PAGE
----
The options Statement

Most named.conf files open with an options statement. Only one options statement can be used. The options statement defines global parameters that affect the way BIND operates. It also sets the defaults used by other statements in the configuration file. The most commonly used options statement defines the working directory for the server:

options {

directory "/var/named"

The statement starts with the options command. The curly braces enclose a list of options, and the keyword directory defines the directory that named will read files from and write files to. The directory name is also used to complete any filename specified in the configuration file. The literal enclosed in quotes is the pathname of the directory. Notice that both the directory clause and the options statement end with a semicolon.

As you'll see in the section on the named control tool later in this chapter, named writes several different files that are used to check the status of the name server. The options statement can be used to change the default pathnames of the individual files. However, it is generally best to keep the standard name for each status file and to store these files in the directory identified by the directory command. Doing so makes things simpler for others who attempt to diagnose a name server problem on your system.

Several options can be set that affect all zones or all servers. In most cases, it is better to set those values specifically for the zone or server that is being affected. The designers of BIND have set the defaults correctly for the vast majority of zones and servers. Zones and servers that need other values are exceptions, and they should be treated as such by defining the exceptional characteristics directly on the zone or server statement—not in the options statement. You'll see examples of defining options in the zone statement in the next section.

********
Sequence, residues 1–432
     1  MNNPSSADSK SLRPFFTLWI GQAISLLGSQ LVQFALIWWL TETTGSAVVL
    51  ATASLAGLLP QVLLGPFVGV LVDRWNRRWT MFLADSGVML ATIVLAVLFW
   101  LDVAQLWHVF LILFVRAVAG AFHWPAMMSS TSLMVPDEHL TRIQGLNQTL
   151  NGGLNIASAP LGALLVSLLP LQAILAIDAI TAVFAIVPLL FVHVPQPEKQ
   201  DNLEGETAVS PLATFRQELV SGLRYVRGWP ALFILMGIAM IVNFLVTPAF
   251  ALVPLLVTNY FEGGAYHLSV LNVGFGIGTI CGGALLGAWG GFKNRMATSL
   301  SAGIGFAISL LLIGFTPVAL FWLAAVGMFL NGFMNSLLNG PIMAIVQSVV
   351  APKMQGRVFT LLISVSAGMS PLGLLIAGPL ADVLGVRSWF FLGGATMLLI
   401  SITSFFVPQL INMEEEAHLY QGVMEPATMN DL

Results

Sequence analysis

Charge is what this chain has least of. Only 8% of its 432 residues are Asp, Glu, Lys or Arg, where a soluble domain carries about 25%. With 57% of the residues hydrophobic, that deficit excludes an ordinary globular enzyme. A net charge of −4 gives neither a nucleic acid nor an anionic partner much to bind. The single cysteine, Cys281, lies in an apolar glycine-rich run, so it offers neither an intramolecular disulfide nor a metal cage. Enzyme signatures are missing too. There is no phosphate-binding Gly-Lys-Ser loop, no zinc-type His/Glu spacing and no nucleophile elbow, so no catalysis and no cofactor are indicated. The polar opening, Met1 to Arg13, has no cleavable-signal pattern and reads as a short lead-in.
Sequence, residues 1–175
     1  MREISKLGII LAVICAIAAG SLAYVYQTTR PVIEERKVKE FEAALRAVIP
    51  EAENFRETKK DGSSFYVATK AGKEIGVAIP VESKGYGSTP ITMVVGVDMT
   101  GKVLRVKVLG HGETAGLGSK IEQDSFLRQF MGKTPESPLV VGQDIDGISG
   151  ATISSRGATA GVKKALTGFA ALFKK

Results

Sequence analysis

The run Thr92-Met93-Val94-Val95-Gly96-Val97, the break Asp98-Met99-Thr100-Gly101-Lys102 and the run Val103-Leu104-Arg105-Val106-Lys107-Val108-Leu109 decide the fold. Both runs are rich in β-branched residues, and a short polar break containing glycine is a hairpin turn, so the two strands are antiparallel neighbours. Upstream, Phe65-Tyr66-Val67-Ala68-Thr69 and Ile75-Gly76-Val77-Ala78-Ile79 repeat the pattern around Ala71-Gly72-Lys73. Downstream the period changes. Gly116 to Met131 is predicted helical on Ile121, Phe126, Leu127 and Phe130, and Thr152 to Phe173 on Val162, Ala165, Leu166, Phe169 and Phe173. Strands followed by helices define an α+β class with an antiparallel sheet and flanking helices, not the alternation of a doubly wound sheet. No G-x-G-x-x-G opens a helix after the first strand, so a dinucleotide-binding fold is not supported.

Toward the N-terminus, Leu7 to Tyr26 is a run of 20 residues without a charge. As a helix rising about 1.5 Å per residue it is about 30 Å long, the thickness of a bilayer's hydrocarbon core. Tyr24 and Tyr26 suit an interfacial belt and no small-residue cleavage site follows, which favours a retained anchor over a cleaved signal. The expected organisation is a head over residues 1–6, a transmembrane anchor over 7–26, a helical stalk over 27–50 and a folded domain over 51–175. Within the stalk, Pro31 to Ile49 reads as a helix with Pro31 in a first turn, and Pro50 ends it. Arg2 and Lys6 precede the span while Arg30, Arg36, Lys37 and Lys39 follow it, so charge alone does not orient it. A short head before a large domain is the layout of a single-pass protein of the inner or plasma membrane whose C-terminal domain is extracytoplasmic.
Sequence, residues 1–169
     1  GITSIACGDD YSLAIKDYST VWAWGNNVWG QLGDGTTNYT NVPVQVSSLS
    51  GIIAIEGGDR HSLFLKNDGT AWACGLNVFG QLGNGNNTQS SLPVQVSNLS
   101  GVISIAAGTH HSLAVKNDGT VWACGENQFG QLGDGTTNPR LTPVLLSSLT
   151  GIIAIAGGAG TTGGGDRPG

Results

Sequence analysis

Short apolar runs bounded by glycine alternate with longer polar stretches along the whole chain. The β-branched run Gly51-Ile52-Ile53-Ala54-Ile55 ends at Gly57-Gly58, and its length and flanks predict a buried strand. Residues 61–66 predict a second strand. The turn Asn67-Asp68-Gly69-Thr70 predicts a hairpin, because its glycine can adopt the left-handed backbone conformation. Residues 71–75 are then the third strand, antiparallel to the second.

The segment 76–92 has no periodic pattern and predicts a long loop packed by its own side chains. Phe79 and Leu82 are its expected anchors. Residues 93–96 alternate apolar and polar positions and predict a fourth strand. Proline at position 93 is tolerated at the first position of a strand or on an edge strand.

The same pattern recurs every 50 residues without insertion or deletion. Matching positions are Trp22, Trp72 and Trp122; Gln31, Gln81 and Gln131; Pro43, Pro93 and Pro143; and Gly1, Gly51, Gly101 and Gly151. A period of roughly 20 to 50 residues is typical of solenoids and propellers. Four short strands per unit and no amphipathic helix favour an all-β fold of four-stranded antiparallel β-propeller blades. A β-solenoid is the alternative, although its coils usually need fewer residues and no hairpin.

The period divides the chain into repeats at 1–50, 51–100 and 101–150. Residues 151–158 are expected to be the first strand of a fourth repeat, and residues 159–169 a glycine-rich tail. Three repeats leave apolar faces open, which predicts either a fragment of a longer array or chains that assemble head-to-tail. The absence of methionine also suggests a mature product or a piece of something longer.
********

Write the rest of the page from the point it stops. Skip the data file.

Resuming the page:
One option used on occasion is forwarders. The forwarders option causes the local server to forward to a specific list of servers all queries that it cannot resolve from its own cache. This builds a rich cache on the selected servers. The selected servers should be on your local network because the point of building the rich cache is to reduce the number of queries sent over the wide area network. This is primarily useful if your WAN charges for usage, as some ISDN networks do.

A sample forwarders option is options {

directory "/var/name"; forward first;

The forward first option says that the local server should try the forwarders before it tries to get an answer from any other external server. This is the default, so this option really didn't need to be specified. The other possible value is forward only, which tells the server that it can talk only to the forwarders. Even if the forwarders are not responding, the local server is not allowed to find the answer itself when forwarders only is specified. The forwarders option lists the addresses of the servers to which queries are forwarded.

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